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For Bolton, the battle is between the heart and the bottom line

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Tony Marshall

It's safe to say that just about every single Bolton Wanderers fan was disappointed in some way or another on trade deadline day. Maybe Dougie Freedman didn't please you with his lack of signings, or maybe there was that one player you were ready to give up that stayed. Whatever it may be, the lack of activity that we saw is anything but inspiring for the rest of this season. It's not rocket science to figure out that Bolton Wanderers are lacking vital pieces of our puzzle, but just how far will the fans go prove their unhappiness and, if anything, should we be picky about what comes next?

I've seen many people say that when it comes to football and specific players, there's no room for emotion. Some of you might know from one of my past articles that I disagree with emotion having no say, but during a period of transfers and sales, just how emotional is too emotional? As fans, we all want what's best for our teams but does that mean having no connections to the players at all? It's our team and we should be expecting the best, but that being said, it's our team and these are our players. We represent the same club and bleed for the same badge, how could we not feel a kinship?

There's a catch 22 waiting to happen there though: the fans give their time and money to the club and thus deserve to be listened to, kept in the loop, and represented properly. We've got everything and nothing to lose, but a majority of the players that we root for are being paid quite the sum of money to go out there and represent us. That's where football becoming a business ends up hurting the fans. We get emotional, we expect the best, and when we don't get it, we automatically assume that our players don't care because they're still being paid. That, there, is being too emotional in the worst way possible.

But as it works in football, and in life, every downside has its own upside. Being overemotional may never work in your favor, but there's a miracle every once in a while. Take the case with Jay Spearing. We grew to love him as one of our own during his loan stint with Wanderers, and when the time came, the fans showed that love and here he is with us again. We expected Dougie to give us the best and he did, but it can't always be like that. We can't grow attached to loanees or to players who are on sale and moan when we don't get them; for most players coming in on loans, we are a stepping-stone; for us, they are a saving grace. The real test of being a fan is learning to love the team of players you have, even if it's not the one you want.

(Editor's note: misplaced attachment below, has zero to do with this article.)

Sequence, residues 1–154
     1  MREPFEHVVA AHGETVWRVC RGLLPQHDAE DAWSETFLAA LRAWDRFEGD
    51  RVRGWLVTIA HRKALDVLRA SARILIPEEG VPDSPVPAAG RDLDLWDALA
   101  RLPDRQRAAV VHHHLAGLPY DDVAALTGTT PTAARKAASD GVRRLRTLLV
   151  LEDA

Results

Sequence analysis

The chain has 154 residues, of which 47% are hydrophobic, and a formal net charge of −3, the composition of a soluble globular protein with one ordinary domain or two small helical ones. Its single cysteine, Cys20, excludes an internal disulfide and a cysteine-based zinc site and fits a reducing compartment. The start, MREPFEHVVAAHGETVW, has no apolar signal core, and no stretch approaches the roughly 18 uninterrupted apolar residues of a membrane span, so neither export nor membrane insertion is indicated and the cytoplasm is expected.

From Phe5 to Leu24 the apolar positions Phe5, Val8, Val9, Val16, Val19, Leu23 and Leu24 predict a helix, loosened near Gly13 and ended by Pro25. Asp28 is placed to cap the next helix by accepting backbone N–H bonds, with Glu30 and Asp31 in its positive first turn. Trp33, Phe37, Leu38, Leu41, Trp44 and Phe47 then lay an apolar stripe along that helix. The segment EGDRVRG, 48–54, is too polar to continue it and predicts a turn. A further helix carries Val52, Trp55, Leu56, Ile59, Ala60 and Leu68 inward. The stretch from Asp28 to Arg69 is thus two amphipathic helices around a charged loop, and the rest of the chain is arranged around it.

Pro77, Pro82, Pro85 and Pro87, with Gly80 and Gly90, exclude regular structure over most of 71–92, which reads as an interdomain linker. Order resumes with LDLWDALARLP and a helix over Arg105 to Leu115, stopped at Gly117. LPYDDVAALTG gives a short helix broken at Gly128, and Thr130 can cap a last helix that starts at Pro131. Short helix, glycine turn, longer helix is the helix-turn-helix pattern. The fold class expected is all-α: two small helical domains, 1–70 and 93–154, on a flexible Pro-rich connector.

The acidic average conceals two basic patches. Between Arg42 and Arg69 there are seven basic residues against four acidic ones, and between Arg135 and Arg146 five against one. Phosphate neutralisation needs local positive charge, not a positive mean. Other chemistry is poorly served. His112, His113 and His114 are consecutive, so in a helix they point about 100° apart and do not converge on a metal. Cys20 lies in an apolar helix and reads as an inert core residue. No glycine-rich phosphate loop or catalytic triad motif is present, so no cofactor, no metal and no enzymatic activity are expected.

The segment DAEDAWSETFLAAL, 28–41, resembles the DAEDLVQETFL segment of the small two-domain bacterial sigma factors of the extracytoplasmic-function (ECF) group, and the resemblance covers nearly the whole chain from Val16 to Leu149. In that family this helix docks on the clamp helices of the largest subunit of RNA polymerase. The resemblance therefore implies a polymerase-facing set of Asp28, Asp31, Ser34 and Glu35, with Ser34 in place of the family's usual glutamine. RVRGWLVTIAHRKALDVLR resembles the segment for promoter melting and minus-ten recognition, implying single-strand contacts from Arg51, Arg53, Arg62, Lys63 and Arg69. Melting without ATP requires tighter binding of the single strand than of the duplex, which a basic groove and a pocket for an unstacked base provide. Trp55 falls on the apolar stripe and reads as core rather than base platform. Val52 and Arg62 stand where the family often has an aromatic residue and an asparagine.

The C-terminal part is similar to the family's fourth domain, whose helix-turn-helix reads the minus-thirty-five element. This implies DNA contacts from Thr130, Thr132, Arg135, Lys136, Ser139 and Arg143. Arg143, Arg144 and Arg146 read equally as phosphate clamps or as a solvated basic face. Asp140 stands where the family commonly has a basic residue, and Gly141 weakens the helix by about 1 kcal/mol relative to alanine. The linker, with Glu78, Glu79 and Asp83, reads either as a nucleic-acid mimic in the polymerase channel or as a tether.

For every fan like me that grows attached to every person wearing that crest, there are those who keep an arms length between themselves and players. While I find it impossible to do, it's been done. The issue with that to me is that I feel like (and correct me if I'm wrong) that's when you're more susceptible to not enjoying the game. Without an emotional connection, are they real human beings representing the team you love, or players doing what they love for quick cash? We have to understand that while they are being paid a good sum of money to play, they don't have to play for us. We should, to a certain extent, be grateful that they're playing and trying to win for us.

Basically, we're in the gutter. We didn't have a say in that regard because I know that if given the choice, none of us would have chosen to be here. But we're here and we have one choice, to look up and stand behind who we have or, well, get comfortable.